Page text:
Manipur violence

1. Supreme Court declines contempt action against Manipur officials amid state violence.
2. Justices Trivedi and Mithal find the petitioners’ grounds insufficient for contempt.
3. Petitioners lacked compelling evidence against respondents, including Manipur’s chief secretary.

Imphal, May 25: The Supreme Court reaffirmed its commitment to legal principles over sentiments, declining a petition seeking contempt action against Manipur officials amid recent violence in the state.

A vacation bench, consisting of Justices Bela M Trivedi and Pankaj Mithal, concluded that the petitioners lacked sufficient grounds for contempt against the respondents, including Manipur’s chief secretary. The court suggested exploring alternative legal remedies.

Additional Solicitor General Aishwarya Bhati, representing Manipur, argued against any contempt, asserting active efforts by both state and central governments to address public concerns. Bhati vowed updated reports on measures to protect displaced persons’ properties.

The petitioners accused respondents of breaching a September 25 Supreme Court order, mandating property protection for those displaced by ethnic conflicts. The bench questioned the validity of contempt claims, focusing on the chief secretary’s role.

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When petitioners’ counsel argued their clients, residing outside Manipur, couldn’t return due to property issues, the bench stated it didn’t warrant notice to the chief secretary.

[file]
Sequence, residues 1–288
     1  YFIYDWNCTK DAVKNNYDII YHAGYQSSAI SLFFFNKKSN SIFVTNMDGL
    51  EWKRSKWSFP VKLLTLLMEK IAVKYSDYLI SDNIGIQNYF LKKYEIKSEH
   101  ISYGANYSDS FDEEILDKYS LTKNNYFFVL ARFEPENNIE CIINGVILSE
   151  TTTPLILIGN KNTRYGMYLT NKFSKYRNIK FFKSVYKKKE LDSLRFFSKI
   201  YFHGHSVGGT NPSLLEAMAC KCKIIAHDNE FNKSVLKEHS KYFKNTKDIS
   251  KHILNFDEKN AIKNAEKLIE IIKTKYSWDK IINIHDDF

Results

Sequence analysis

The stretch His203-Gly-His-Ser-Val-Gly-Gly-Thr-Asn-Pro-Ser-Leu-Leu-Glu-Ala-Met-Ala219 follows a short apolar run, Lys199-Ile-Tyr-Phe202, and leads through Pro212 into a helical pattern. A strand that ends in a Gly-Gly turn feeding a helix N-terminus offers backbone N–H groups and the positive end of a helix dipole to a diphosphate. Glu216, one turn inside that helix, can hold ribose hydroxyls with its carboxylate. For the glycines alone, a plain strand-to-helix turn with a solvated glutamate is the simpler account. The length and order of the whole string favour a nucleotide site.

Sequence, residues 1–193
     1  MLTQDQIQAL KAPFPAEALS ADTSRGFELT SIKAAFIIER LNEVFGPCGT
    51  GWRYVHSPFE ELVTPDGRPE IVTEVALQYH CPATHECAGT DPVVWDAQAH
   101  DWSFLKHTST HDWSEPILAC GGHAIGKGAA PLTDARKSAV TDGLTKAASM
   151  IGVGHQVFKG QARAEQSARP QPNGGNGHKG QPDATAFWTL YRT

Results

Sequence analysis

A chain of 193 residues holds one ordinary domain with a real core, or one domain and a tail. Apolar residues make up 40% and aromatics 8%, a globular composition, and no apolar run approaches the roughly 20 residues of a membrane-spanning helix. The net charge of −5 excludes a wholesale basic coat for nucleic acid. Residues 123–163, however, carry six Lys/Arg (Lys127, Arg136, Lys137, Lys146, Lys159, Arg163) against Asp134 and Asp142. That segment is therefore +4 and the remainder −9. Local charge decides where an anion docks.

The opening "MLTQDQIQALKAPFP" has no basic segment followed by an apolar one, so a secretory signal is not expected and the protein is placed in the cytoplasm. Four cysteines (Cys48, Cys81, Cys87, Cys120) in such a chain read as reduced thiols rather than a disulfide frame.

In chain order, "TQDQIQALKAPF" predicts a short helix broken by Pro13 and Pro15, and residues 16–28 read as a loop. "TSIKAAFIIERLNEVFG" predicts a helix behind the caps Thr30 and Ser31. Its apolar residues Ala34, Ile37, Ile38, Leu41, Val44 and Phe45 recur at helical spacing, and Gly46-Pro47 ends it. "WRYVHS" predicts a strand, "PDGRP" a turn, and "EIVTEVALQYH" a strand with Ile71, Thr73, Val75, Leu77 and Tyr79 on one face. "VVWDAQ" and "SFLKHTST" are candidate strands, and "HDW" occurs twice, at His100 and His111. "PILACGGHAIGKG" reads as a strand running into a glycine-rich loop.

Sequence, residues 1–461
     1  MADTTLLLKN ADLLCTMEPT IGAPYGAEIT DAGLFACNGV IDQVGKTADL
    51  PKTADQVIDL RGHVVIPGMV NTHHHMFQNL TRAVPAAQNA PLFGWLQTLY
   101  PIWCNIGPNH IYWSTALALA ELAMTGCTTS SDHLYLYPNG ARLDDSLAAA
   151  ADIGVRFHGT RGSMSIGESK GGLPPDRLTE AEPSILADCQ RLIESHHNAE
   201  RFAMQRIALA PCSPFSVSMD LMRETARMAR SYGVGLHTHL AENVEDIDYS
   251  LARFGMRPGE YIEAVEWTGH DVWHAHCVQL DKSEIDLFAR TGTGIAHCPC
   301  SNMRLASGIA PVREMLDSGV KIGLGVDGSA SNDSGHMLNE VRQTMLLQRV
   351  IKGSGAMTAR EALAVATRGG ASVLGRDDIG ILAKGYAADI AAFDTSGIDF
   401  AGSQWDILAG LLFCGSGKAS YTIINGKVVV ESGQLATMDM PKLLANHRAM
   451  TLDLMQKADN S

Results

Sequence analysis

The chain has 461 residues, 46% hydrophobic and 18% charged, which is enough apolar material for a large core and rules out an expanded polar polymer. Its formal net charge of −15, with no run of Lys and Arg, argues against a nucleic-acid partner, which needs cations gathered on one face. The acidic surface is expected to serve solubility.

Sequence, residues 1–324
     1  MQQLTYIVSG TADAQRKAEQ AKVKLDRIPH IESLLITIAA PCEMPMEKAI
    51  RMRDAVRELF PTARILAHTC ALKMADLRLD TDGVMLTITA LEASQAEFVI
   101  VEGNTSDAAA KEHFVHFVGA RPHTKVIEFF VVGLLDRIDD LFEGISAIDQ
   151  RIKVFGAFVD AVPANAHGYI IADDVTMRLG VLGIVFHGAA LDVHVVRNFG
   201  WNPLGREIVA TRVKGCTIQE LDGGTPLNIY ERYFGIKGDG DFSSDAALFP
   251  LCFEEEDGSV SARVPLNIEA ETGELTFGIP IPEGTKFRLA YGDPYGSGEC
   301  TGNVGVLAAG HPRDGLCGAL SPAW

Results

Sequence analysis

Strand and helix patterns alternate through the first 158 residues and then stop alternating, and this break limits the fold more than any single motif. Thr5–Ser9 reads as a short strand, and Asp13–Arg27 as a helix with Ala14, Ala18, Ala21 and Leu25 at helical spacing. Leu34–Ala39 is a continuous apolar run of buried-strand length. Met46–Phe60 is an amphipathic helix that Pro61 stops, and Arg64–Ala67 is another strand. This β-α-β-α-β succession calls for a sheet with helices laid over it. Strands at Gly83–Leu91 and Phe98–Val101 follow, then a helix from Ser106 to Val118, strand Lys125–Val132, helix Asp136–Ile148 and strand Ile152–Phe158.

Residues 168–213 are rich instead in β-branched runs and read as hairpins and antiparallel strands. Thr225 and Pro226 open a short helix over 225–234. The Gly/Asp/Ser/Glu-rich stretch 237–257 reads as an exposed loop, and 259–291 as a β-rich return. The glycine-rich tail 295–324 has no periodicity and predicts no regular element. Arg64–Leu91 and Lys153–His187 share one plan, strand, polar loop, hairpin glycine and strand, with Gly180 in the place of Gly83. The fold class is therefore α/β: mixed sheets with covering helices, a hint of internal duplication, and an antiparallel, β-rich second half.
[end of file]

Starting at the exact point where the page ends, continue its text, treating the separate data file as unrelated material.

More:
Bhati referenced the September 25 order, highlighting the state’s compliance with status reports. She assured ongoing commitment to citizens’ property protection amid Manipur’s “uneasy calm.”

Petitioners alleged police presence during property looting, refuted by Bhati and supported by the bench, emphasizing property protection obligations.

The court expressed sympathy but ruled no contempt substantiated. “Your properties need protection, but we needn’t issue contempt notice,” the bench declared. It advised exploring legal channels for grievances.

Manipur’s ethnic violence, sparked by a high court order regarding non-tribal Meitei community inclusion in the Scheduled Tribes (ST) list, resulted in 170+ deaths since May 3 last year.

The ‘Tribal Solidarity March’ triggered the violence opposing Meitei ST status demand.